THE DUCKLING (Sayaka Ono, Japan). 75 minutes. Subtitled. Saturday (April 29), 8:45 pm, Innis; Monday (May 1), 11 pm, Bloor. Rating: NNN
When Sayaka Ono was five, she was sent away by her parents to live and work for a year in an institution, where she was treated badly by the head teachers. Years later, her older brother sexually abused her one afternoon, and her own sister told her not to talk about it. Now 20 and crippled by poor self-esteem, Ono directs the camera at herself, her seemingly content Japanese family and other former schoolgirls from the institution.
The rawness and intensity of this confessional diary occasionally make it hard to watch - Ono's emotional turmoil as she confronts her ghosts is obviously genuine. The English subtitles are crudely translated, and there's a shift in focus near the end that's not exactly artful.
But this is a compelling glimpse into Japanese repression, the nature of memory and the need to reopen wounds to heal them. An essential document about the lasting effects of child abuse.
How Many Roads (Jos de Putter, the Netherlands). 76 minutes. Saturday (April 29), 9 pm, Bloor; Monday (May 1), 1 pm, Isabel Bader. Rating: NNNN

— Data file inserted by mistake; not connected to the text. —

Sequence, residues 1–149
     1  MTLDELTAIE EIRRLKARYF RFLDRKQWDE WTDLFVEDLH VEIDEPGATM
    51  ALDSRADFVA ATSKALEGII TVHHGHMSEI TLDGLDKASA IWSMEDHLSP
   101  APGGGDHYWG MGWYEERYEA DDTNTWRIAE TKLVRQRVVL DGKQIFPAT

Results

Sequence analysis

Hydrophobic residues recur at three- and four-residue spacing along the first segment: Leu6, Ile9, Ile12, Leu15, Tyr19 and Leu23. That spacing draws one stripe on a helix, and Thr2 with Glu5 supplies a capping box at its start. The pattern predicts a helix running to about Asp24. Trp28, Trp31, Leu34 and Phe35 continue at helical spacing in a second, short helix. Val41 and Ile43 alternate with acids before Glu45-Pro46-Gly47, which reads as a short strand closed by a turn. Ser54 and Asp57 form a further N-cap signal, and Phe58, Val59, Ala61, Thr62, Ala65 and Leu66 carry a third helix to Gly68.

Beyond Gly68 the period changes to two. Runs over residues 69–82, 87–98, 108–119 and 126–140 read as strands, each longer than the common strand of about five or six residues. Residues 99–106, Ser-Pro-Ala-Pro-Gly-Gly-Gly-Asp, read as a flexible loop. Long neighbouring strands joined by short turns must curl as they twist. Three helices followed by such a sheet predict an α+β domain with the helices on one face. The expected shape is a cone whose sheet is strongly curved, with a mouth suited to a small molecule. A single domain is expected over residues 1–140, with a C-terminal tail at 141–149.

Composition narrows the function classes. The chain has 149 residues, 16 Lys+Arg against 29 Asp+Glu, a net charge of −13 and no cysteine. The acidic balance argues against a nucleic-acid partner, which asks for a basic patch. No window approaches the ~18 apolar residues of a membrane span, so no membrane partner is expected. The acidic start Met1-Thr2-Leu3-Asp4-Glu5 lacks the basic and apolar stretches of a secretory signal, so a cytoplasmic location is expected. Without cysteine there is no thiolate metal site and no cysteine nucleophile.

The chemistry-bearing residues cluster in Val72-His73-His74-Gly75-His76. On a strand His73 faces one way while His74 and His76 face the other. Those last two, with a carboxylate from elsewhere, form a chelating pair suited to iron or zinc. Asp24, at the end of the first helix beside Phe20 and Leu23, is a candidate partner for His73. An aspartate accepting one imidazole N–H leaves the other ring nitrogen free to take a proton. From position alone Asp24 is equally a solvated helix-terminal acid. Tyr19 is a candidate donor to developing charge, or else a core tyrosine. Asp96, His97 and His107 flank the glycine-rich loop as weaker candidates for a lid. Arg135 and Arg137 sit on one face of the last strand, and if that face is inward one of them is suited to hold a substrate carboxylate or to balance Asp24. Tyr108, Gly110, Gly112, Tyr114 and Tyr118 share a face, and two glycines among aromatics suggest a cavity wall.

You don't have to be a Bob Dylan fan to appreciate this movie's look at how the singer's gravelly voice and lyrics spoke to people around the world. But those who are couldn't find a better tribute to Dylan's lasting power than this haunting, beautiful film. Travelling across the United States, Jos de Putter finds Dylan admirers in all walks of life. More than just ardent concert-goers, these are people who have used his music to re-examine their own existence, like the woman who wanted to see more than her backyard when she looked out the window, or the young soldier in Iraq who used Dylan's words to quell his fears.